Weather Forecast


Minnesota Misery: Vikings dominated by Eagles in NFC Championship game

Teen entrepreneur

Brendon Speck founded his Speck Lawn Care business when he was 13 years old. The business has now grown to service more than a dozen customers and employs four. MONTE DRAPER | BEMIDJI PIONEER

 Frequently, there’s something foreign swimming around in the waters of Grace Lake, but it’s not an invasive species.

Brendon Speck is team leader of Aqua Mania, which created an underwater robot that searches for evidence of invasive species. 

It’s a robot, and it’s searching for invasive species, picking up trash and other nuisances it encounters.

 The robot was designed and constructed by team Aqua Mania, led by Bemidji High School senior Brendon Speck, who in sixth grade decided he would pursue a career in engineering.

 “I’ve been doing mechanical stuff since I was very, very young,” said Speck, 18. “Designing things, like the robots, is fun, and I really like building things … I’m creative, just like the rest of the team. We know what works. We’re all pretty good with that.”

 Speck is what one might call a high achiever. At 13 years old, he founded his own business – Speck Lawn Care – and now employs a staff of four.

 His work regularly keeps him busy, but the July 2 windstorm that swept through the region compounded Speck’s already hectic schedule.

 “It was crazy, let’s just leave it at that,” said Speck, who recalled working six 16-hours days a week plus eight hours on Sundays. “There was basically no fishing for me after the storm hit.”

Speck’s business, which began when a neighbor called his mother to ask if he would mow her lawn, has grown to service more than a dozen customers. He also works for Farden Township maintaining its public lands.

 Speck plans to attend Bemidji State University for two years, in part so he can keep his business going until he transfers to North Dakota State University to pursue an engineering degree. At that point, he expects he’ll turn the business over to his younger brother, Ryan, who works for him.

 The lawn care business provides his income now, but Speck long has planned to go into engineering, an area in which he already has proven himself successful.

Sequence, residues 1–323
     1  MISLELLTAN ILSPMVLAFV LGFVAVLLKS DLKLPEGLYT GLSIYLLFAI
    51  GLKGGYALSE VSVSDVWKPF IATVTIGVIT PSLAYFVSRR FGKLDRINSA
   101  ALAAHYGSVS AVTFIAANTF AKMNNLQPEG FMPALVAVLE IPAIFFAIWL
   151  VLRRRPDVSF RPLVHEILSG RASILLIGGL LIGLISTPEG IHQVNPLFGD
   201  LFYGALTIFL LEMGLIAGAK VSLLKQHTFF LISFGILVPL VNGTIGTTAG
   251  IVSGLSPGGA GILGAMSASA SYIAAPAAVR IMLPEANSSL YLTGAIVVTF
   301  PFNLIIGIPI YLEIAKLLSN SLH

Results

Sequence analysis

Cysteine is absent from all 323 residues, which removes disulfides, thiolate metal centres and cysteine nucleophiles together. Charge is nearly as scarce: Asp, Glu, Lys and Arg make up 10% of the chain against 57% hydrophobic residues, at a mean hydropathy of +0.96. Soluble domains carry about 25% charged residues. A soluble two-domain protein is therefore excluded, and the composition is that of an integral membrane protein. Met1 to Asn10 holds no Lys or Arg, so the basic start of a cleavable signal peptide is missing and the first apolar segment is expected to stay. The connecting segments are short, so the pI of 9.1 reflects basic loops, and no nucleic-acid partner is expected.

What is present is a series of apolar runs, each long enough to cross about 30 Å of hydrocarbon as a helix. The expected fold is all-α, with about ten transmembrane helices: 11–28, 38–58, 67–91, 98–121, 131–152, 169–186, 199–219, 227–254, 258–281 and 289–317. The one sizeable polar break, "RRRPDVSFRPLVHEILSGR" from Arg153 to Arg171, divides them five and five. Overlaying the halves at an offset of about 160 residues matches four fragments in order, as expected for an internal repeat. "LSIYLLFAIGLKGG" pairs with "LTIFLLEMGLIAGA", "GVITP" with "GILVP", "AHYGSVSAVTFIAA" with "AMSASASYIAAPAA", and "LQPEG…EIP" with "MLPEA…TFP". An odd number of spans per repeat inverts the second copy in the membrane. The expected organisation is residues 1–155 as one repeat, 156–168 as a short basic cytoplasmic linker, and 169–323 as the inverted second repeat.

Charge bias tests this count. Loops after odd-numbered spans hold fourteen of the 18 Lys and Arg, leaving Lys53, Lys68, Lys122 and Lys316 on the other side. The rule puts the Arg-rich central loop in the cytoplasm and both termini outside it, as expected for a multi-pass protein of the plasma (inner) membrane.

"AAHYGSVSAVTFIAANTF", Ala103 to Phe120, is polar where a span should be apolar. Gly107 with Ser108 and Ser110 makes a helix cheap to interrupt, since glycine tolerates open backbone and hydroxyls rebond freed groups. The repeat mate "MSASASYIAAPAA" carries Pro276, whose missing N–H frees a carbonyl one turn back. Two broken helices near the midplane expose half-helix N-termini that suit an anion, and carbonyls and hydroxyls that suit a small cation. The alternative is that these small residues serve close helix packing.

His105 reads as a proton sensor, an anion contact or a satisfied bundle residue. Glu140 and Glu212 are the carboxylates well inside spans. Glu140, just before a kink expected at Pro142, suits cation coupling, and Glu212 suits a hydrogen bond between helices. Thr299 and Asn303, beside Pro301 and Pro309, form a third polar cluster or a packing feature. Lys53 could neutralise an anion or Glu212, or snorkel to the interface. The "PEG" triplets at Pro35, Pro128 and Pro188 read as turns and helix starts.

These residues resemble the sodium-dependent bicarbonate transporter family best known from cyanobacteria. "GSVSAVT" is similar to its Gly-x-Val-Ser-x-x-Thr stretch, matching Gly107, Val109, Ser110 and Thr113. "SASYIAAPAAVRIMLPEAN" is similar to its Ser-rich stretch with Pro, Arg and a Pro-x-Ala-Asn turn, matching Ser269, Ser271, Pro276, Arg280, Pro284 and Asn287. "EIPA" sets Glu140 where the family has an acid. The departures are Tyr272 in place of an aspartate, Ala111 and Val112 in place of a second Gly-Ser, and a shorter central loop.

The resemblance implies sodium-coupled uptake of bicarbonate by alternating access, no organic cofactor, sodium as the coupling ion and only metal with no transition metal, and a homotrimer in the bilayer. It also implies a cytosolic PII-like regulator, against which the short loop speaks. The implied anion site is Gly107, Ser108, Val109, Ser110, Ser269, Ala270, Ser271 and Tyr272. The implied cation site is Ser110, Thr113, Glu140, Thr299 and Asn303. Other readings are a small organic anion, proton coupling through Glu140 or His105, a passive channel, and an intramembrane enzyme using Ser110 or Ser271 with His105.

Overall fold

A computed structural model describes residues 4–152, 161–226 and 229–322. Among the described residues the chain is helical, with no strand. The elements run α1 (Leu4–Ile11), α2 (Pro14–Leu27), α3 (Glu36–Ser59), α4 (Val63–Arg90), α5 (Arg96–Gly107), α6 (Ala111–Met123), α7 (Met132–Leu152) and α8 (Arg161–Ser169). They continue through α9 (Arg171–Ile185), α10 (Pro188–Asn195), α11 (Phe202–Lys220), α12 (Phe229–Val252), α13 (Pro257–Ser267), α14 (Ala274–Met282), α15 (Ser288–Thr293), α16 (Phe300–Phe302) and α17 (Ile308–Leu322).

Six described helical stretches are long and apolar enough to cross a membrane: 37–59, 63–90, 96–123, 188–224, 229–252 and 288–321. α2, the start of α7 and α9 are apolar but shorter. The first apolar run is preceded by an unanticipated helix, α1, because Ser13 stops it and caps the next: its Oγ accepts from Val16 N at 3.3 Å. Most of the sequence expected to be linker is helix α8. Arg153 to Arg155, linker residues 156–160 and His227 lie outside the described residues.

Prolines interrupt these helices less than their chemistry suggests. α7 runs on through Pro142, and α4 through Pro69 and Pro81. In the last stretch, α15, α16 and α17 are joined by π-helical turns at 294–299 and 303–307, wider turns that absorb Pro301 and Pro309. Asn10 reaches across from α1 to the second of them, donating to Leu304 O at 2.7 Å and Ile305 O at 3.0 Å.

Team Aqua Mania is in partnership with the MInnesota DNR. Monte Draper | Bemidji Pioneer

He is the team leader of Aqua Mania, the underwater-robot team that also includes his brother Ryan, Brent Balmer and Kyle Norvold.

 The foursome came together about four years ago, after they aged out of the First Lego League, a program through which students in grades 4-9 learn about robotics.

 The team heard about a U.S. Navy program that fosters robotics skills. It provided the training and foundation for the creation of an underwater robot.

 They were provided with a basic kit and encouraged to adapt the robot with modifications and attachments, such as an underground camera.

 But after creating the robot, Aqua Mania wanted to do something with it. So the team contacted the Department of Natural Resources, which linked them with the Grace Lake Association.

 “Brendon approached us to say he thought the aquatic robot would be able to assist with invasive species monitoring,” recalled Darrin Hoverson, hydrologist with the DNR. “This was a pretty unique scenario. It was a real applicable process to have them some monitoring for zebra mussels and Eurasian milfoil.”

 The 3-foot-by-5-foot robot travels much like a submarine, Speck said. It works in all seasons and has gone as low as 20 feet deep.

 “I like to fish so it’s kind of like a collaboration, helping to clean up the place where I love to fish,” Speck said. “It’s helping out the lake and it’s a lot of fun.”

 To date, the robot has not found any evidence of zebra mussels or Eurasian milfoil.

 It has, however, brought the team accolades. Aqua Mania’s work won Grand Champion at the Beltrami County Fair and went on to win a blue ribbon at the Minnesota State Fair.

 As an individual, Speck at the State Fair won a Citizenship Award of Excellence – a purple ribbon – for a presentation on his volunteer work through the Headwaters Science Center and the First Lego League robotics competition.

 In that presentation, he also discussed his appearance at the USA Science and Engineering Festival. Speck had been chosen to go to Washington, D.C., to showcase 4-H science programs.

 “People got to see that 4-H is more than just agriculture,” Speck said of the festival, which featured a keynote address from the Mythbusters. “I would say nine out of 10 people came up to us and said those words, ‘I thought 4-H was just ag.’ That was the goal, to tell people, to teach people.”